‘Whenever you exercise just until you feel unpleasant and then stop, you’re categorizing your physical sensations as exhaustion. You’ll always exercise below your threshold, despite all the health benefits of continuing. Through recategorization, however, you can continue exercising and feel even better later, as you reap the benefits of a stronger, healthier body. The more you do it, the more you tune your conceptual system toward longer exercise in the future.’ How Emotions are Made, Lisa Feldman Barrett
I recently read the above quote and it helped to change my understanding of pushing past a threshold during exercise, especially during heavy exertion such as long distance running or martial arts.
I’d often perceive the sensations in my body as something negative, that I’m overworked and it’s too much. I’d get anxious, like if I pushed past those unpleasant feelings I’d get hurt.
I’d start thinking I’ve got to stop, mentally I’d check out and physically I wouldn’t be able to keep up. But at the very end of a round or sparring session or long run, because I knew it was about to finish, I’d pull it together and be fine.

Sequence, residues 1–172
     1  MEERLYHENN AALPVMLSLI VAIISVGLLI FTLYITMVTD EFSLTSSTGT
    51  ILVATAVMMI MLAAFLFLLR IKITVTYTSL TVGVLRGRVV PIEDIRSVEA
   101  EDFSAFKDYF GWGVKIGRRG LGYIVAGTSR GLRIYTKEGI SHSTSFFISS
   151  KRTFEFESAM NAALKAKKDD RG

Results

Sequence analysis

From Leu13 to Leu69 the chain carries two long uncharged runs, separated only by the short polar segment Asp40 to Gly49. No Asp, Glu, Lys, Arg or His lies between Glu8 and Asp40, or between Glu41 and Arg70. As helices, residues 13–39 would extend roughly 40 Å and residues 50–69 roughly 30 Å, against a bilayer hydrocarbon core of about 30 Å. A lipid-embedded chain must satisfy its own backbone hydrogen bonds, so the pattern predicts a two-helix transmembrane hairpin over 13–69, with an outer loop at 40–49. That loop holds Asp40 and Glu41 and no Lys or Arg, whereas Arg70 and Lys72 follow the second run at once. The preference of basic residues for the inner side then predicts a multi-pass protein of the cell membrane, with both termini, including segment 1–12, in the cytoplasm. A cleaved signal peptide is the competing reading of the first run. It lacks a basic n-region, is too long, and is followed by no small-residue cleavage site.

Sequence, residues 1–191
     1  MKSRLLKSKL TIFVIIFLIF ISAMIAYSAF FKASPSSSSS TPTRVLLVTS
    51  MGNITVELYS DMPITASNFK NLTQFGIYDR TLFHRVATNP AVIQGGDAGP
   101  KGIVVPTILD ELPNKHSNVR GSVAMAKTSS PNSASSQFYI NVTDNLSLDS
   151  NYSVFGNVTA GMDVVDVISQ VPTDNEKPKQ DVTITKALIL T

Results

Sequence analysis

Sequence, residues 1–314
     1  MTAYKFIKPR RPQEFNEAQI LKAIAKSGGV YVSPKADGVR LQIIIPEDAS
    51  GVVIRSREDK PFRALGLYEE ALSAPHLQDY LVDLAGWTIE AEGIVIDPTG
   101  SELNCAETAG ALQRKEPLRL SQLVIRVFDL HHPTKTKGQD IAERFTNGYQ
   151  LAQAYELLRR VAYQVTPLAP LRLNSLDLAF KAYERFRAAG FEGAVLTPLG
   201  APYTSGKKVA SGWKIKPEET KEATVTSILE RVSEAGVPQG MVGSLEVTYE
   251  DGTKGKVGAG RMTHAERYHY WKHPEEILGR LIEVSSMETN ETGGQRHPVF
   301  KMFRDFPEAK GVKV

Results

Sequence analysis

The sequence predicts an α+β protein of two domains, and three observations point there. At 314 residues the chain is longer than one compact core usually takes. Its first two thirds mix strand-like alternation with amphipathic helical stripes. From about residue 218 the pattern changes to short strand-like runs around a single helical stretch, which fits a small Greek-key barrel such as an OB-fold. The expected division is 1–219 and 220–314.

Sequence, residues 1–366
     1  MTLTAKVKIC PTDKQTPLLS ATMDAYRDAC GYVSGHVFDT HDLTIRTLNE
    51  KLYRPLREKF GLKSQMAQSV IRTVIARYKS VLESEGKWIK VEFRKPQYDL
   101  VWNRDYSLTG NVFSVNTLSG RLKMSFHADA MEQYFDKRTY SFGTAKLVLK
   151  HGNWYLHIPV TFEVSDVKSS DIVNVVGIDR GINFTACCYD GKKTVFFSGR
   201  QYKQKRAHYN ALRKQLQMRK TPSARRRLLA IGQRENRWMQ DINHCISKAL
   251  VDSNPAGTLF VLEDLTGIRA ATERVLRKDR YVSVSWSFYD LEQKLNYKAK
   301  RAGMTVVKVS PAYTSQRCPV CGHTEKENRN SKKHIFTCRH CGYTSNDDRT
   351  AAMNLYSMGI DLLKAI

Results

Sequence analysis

At the moment, (because lockdown!), I’m running a lot and currently upping my distance and I decided to apply what I’d read. When I started to feel those unpleasant feelings, instead of stopping, I acknowledged I was running uphill, I’d been running for a few miles and that’s why I was feeling the sensations in my body and to keep going. It worked, it helped me to carry on and push past a mental threshold.
I know my body is more than capable of doing the mileage, I have the fitness, I’ve built up to it and I’ve been doing it consistently for a long time, it was my brain I had to convince.
I’m not suggesting that we should always push past unpleasant feelings, know your body and what you are capable of, but I think it’s useful to know when it’s ok to push through.
If you can change your concepts and understanding, you change your ability to move yourself forward and in the long run, you’re going to be better for it.